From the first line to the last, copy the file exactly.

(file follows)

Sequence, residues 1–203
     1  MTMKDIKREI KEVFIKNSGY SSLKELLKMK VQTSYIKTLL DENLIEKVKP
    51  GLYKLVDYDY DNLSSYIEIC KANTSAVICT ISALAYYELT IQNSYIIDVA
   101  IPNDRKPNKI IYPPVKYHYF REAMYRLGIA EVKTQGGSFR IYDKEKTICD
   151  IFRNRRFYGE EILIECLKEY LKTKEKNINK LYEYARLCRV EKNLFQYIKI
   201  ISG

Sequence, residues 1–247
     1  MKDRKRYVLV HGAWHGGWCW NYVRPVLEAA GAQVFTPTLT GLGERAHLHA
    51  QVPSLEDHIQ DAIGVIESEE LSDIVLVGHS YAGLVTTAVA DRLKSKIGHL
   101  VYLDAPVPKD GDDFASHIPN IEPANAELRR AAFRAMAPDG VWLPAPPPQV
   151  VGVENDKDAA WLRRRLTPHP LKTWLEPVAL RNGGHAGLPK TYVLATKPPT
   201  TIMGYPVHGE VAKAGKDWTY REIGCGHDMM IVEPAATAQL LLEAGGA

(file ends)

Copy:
Sequence, residues 1–203
     1  MTMKDIKREI KEVFIKNSGY SSLKELLKMK VQTSYIKTLL DENLIEKVKP
    51  GLYKLVDYDY DNLSSYIEIC KANTSAVICT ISALAYYELT IQNSYIIDVA
   101  IPNDRKPNKI IYPPVKYHYF REAMYRLGIA EVKTQGGSFR IYDKEKTICD
   151  IFRNRRFYGE EILIECLKEY LKTKEKNINK LYEYARLCRV EKNLFQYIKI
   201  ISG

Sequence, residues 1–247
     1  MKDRKRYVLV HGAWHGGWCW NYVRPVLEAA GAQVFTPTLT GLGERAHLHA
    51  QVPSLEDHIQ DAIGVIESEE LSDIVLVGHS YAGLVTTAVA DRLKSKIGHL
   101  VYLDAPVPKD GDDFASHIPN IEPANAELRR AAFRAMAPDG VWLPAPPPQV
   151  VGVENDKDAA WLRRRLTPHP LKTWLEPVAL RNGGHAGLPK TYVLATKPPT
   201  TIMGYPVHGE VAKAGKDWTY REIGCGHDMM IVEPAATAQL LLEAGGA